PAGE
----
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Abstract Details

Early Onset Cerebral Amyloid Angiopathy in the Context of Perinatal Hydrocephalus and VP Shunt Instrumentation
Cerebrovascular Disease and Interventional Neurology
P9 - Poster Session 9 (5:30 PM-6:30 PM)
13-003
CAA occurs when amyloid-beta peptides are deposited in cerebral blood vessels, resulting in recurrent intracerebral hemorrhages (ICH), lacunar infarcts, and microbleeds.

Here, we describe a case of early-onset cerebral amyloid angiopathy (CAA) and review predisposing factors.

N/A

A 29-year-old man born with a history of Arnold-Chiari malformation with spina bifida and hydrocephalus, requiring perinatal ventriculoperitoneal shunt placement, and migraine who developed transient paresthesias in the right face and arm numbness prompting stroke workup was found to have a left thalamic lacunar ischemic stroke, microhemorrhages and superficial siderosis in the right temporal/occipital lobes, left frontal lobe and ventriculomegaly on brain MRI. He was discharged from another facility on aspirin and clopidogrel and 4-months later developed a right frontal ICH. He was discharged aspirin, and one year later presented to our facility with a left frontal lobe ICH. The aspirin was discontinued, and he was discharged to rehab. He returned 2-months later with re-bleed in the left frontal lobe.  He is now aphasic, wheelchair-bound, and requires multiple anti-epileptic medications for post-stroke epilepsy. During his multiple hospital admissions, he had an extensive workup including echocardiography, CT angiography, telemetry, MRI brain, MRV, cerebral angiogram, lab workup (serum and cerebral spinal fluid ) that ruled out inflammatory disorders, malignancy, infectious disorders, coagulopathies, and genetic causes of small vessel arteriopathies and CAA.  Brain biopsy demonstrated amyloid-beta deposition with the vessels. Family and other perinatal history were non-contributory.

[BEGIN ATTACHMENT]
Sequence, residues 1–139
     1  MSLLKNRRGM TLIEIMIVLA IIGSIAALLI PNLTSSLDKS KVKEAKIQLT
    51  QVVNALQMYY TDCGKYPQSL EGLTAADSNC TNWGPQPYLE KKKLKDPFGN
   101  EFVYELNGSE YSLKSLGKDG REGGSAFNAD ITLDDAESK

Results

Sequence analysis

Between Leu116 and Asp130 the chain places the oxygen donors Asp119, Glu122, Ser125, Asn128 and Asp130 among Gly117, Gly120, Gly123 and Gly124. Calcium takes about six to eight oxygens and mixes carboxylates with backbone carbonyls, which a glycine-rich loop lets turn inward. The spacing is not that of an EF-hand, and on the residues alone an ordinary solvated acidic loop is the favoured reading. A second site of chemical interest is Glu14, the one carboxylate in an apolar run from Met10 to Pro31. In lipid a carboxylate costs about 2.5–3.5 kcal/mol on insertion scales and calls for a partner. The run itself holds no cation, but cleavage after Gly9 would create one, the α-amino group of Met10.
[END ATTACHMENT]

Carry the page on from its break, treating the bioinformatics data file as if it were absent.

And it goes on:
We diagnosed our patient with probable CAA based on his imaging and brain biopsy results, and hypothesize that his prior perinatal hydrocephalus and neurosurgical instrumentation with the VP shunt placement could have played a role in his development of CAA as a small case series also reported an association of CAA young patients that had prior traumatic brain injury or neurosurgical procedures early in life.

Authors/Disclosures
Joshua Augustin Modeste
PRESENTER
Mr. Modeste has nothing to disclose.
Isabelle Snider Ms. Snider has nothing to disclose.
Alexis N. Simpkins, MD,PhD,MSCR,FAAN (Cedars-Sinai Medical Center, Dept of Neurology) Dr. Simpkins has received personal compensation in the range of $0-$499 for serving on a Scientific Advisory or Data Safety Monitoring board for National Institute of Neurological Disorders and Stroke Data Safety Monitoring Board. Dr. Simpkins has received research support from NIH/NIA. Dr. Simpkins has received publishing royalties from a publication relating to health care. Dr. Simpkins has received personal compensation in the range of $500-$4,999 for serving as a Speaker with American Heart Association.